The camera has an ISO range of 100-204800. The images came out to be quite sharp with a good level of details. However, noise starts to creep in at ISO6400. You can use the custom noise option that lowers the amount of noise and retains details. Although, the noise is quite grainy with a very few red, blue, and green dots at ISO12800 but the results are still usable. The noise becomes stronger at ISO25600 and therefore we recommend you to avoid this setting unless you process the Raw files and resize it to use on the web. The after-processing images shot at ISO51200 are still usable. But setting the camera at ISO102400 and ISO204800 produces unpleasant noise and the images are not usable enough even after processing.

The camera’s Auto White Balance provides warm results in tungsten lighting with the multi-area Auto White Balance giving a less warm and more accurate result. You have four fluorescent presets that mostly give a color cast. We would recommend you to use the manual white balance for better results.

The Pixel Shift Resolution mode is one of the main highlights of Pentax K-1 as it provides a huge difference to the image quality. This mode has four different exposures at single pixel increments. Moreover, the camera offers a new ‘Motion Correction’ option which is designed to provide a better final output.

The automatic ‘Horizon Correction’ option uses the clever sensor-shift technology and allows you to make the correction to the minor horizon issues. Another feature ‘AA Filter Simulator’ utilizes the sensor shake technology to marginally blur the light across more than one pixel during the exposure. There is a feature called ‘Astrotracer’ that was also available in the Pentax K-3 II.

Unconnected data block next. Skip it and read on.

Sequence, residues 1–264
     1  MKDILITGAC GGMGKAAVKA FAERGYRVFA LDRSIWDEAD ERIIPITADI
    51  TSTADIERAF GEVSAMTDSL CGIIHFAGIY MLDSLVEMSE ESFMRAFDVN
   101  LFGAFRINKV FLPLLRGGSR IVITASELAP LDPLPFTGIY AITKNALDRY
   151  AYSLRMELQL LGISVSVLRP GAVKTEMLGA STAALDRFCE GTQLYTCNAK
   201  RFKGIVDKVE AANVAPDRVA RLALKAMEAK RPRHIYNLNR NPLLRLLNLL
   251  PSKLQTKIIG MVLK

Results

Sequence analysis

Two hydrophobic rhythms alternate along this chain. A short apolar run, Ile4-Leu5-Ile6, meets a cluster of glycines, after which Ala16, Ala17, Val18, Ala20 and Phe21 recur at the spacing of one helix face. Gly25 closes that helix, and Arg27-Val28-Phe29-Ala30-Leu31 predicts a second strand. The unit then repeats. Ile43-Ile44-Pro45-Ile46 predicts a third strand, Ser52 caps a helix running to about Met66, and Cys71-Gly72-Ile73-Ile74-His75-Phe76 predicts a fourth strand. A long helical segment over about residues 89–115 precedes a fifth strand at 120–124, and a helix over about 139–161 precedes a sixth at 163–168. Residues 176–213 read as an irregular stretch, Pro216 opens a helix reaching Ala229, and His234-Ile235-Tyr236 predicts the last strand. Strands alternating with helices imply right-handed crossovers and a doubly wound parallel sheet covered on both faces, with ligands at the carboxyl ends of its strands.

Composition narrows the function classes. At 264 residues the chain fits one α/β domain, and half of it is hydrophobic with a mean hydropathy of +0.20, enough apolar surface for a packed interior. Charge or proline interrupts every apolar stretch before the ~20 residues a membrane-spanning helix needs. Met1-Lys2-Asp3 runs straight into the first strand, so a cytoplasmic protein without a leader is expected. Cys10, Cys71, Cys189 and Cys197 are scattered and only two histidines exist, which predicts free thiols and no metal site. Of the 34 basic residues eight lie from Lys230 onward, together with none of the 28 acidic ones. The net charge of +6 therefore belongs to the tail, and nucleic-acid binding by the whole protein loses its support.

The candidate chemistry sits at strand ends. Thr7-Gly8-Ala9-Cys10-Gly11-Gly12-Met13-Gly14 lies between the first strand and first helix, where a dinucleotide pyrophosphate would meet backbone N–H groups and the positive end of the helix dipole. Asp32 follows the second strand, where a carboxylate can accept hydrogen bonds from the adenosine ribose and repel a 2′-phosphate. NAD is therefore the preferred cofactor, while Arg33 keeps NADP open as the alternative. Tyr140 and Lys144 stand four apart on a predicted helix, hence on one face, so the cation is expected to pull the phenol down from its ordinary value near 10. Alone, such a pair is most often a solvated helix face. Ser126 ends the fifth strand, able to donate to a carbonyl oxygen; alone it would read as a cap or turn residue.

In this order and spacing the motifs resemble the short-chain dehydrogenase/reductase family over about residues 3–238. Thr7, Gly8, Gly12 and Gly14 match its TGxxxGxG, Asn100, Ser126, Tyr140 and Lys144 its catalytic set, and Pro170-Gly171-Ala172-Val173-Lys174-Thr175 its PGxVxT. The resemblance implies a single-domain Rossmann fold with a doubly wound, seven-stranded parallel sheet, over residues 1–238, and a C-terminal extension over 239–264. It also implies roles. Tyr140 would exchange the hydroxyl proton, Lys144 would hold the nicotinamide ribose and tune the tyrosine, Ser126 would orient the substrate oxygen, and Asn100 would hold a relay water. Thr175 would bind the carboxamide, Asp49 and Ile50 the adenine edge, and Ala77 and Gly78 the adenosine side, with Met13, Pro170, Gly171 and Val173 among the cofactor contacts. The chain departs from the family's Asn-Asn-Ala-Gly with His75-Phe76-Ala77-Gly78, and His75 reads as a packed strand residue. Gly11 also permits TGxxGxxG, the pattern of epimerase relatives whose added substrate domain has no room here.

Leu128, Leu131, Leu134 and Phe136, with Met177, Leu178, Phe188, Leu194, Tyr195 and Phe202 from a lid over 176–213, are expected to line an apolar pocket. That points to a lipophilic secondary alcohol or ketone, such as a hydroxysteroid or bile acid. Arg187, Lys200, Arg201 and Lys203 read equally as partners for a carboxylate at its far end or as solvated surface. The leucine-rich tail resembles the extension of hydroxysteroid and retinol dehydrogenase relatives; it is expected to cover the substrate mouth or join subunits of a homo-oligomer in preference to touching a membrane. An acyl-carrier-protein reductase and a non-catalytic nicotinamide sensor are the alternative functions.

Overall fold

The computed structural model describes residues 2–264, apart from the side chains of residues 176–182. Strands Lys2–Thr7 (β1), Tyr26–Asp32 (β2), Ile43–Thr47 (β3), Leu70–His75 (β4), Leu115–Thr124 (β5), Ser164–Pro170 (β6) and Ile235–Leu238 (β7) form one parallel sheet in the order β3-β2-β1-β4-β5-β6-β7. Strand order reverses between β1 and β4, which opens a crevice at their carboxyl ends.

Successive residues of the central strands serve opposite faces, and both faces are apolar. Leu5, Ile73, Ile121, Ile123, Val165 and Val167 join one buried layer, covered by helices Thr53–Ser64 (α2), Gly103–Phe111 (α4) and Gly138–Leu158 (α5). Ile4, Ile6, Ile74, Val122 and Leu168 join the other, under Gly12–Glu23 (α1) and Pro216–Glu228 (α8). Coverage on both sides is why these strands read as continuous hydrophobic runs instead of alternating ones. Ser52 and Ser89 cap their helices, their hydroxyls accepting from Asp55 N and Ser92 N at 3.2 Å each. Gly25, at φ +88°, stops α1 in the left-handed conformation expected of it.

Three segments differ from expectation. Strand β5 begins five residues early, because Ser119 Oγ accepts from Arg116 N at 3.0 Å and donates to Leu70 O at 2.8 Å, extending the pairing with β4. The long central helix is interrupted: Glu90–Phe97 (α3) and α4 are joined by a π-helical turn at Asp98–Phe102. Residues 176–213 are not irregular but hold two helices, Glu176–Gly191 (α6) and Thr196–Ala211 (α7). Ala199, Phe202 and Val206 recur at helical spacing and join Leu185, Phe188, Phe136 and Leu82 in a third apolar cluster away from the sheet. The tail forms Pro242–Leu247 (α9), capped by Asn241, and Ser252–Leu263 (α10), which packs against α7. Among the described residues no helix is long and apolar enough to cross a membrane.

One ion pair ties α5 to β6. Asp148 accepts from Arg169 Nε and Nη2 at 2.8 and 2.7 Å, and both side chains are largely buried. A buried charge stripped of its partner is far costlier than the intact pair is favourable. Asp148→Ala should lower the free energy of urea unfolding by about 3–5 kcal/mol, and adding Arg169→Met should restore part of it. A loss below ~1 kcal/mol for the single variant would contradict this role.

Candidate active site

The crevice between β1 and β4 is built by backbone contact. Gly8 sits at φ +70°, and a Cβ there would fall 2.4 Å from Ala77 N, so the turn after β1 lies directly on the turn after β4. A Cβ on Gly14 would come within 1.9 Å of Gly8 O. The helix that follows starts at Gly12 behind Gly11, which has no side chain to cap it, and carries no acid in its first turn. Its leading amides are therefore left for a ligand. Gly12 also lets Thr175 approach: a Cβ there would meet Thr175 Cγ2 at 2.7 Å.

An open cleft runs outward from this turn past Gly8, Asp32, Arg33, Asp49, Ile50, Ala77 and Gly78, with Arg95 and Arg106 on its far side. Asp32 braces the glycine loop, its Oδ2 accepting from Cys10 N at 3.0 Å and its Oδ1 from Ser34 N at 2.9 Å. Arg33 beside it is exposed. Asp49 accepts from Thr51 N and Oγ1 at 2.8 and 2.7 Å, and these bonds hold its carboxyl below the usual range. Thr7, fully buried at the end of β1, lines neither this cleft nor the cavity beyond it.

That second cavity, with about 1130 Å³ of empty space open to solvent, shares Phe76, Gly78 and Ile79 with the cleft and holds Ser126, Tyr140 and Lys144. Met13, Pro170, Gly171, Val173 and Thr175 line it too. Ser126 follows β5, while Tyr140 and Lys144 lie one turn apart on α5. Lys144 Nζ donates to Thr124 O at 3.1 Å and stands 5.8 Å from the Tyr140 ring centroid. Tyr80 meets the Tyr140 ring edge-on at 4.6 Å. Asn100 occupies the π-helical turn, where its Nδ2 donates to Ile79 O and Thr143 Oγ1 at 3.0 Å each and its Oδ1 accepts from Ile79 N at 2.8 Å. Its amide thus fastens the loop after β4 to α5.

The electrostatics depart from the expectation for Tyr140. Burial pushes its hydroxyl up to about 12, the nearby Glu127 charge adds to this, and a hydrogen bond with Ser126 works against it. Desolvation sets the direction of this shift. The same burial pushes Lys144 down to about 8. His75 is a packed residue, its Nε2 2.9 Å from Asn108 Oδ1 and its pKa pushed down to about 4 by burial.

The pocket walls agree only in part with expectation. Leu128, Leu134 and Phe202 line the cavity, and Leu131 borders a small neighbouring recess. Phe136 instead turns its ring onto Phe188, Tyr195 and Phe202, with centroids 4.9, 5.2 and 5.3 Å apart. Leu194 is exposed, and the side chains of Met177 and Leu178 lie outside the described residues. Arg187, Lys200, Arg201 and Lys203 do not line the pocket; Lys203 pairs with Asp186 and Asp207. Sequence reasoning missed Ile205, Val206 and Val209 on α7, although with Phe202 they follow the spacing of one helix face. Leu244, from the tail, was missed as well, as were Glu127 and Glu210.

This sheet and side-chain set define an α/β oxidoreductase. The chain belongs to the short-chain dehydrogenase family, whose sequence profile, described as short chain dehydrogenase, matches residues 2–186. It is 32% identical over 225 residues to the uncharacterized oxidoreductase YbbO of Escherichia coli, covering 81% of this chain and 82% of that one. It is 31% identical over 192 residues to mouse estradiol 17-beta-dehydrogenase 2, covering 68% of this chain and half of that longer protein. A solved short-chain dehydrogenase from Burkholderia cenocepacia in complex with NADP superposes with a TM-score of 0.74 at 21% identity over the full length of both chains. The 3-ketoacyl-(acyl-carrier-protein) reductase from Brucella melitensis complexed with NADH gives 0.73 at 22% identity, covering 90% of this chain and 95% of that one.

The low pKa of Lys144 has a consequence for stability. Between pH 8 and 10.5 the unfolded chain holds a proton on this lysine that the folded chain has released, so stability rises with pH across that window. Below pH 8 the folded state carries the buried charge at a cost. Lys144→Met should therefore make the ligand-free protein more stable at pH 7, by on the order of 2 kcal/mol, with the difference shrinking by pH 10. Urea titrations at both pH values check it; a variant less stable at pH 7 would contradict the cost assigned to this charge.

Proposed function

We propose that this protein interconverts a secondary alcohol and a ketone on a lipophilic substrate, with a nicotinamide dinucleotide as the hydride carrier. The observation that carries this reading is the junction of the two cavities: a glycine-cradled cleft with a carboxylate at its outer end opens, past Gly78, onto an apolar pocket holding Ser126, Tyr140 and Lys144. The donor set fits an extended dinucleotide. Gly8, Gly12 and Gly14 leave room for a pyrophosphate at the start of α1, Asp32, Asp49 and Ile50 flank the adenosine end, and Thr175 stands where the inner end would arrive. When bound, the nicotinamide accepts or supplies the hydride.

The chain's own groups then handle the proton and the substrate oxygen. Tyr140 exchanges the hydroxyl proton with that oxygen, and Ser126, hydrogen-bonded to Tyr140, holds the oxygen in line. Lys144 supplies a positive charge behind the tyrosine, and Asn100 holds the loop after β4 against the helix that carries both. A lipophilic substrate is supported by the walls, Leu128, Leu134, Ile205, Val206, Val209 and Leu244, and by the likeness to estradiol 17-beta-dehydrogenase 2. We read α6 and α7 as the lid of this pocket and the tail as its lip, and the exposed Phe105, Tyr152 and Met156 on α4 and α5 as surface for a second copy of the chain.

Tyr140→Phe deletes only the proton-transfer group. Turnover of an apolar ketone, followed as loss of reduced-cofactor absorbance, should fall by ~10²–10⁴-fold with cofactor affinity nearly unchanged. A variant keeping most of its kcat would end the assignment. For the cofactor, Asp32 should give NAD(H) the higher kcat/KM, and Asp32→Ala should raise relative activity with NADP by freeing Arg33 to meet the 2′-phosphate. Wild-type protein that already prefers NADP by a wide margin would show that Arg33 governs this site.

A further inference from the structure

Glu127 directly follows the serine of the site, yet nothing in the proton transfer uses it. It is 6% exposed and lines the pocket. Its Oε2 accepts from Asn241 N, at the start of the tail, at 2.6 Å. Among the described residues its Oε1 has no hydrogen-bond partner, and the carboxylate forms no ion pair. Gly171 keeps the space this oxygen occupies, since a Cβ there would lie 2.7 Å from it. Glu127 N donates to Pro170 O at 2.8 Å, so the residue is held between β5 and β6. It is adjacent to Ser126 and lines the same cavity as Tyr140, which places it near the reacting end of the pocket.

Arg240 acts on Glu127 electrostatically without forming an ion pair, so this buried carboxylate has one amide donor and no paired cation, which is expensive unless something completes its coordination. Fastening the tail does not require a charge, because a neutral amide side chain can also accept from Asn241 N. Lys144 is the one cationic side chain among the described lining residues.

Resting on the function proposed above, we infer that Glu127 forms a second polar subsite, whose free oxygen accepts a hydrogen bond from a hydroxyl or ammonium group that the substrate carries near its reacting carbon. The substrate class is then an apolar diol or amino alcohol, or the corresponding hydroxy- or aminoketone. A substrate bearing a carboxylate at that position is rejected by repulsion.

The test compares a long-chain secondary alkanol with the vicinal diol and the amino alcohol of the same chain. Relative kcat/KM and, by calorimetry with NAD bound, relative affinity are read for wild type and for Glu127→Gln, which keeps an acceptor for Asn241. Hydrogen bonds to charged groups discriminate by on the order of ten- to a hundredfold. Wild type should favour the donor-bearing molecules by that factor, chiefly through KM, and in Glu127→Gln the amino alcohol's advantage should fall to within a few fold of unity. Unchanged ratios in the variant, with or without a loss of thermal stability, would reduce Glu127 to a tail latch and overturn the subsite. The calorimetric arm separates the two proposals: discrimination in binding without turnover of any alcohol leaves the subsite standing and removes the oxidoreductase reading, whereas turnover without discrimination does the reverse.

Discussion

Coming to the video, the camera is capable of recording full HD/1080p at 30fps. However, it lacks the option for 4K video recording. The autofocus and the manual focus peaking is possible before you begin your recording but is not available when the shooting is in progress. The camera has a clean HDMI output and a built-in stereo mic to record sound. You also get the options for setting the sound level, headphone volume, and wind noise reduction. But the camera has limited video tools that make the camera an average camera for those who wish to shoot videos quite often. The built-in image stabilization seems to work pretty well but the quality suffered a bit when walking along with the camera handheld.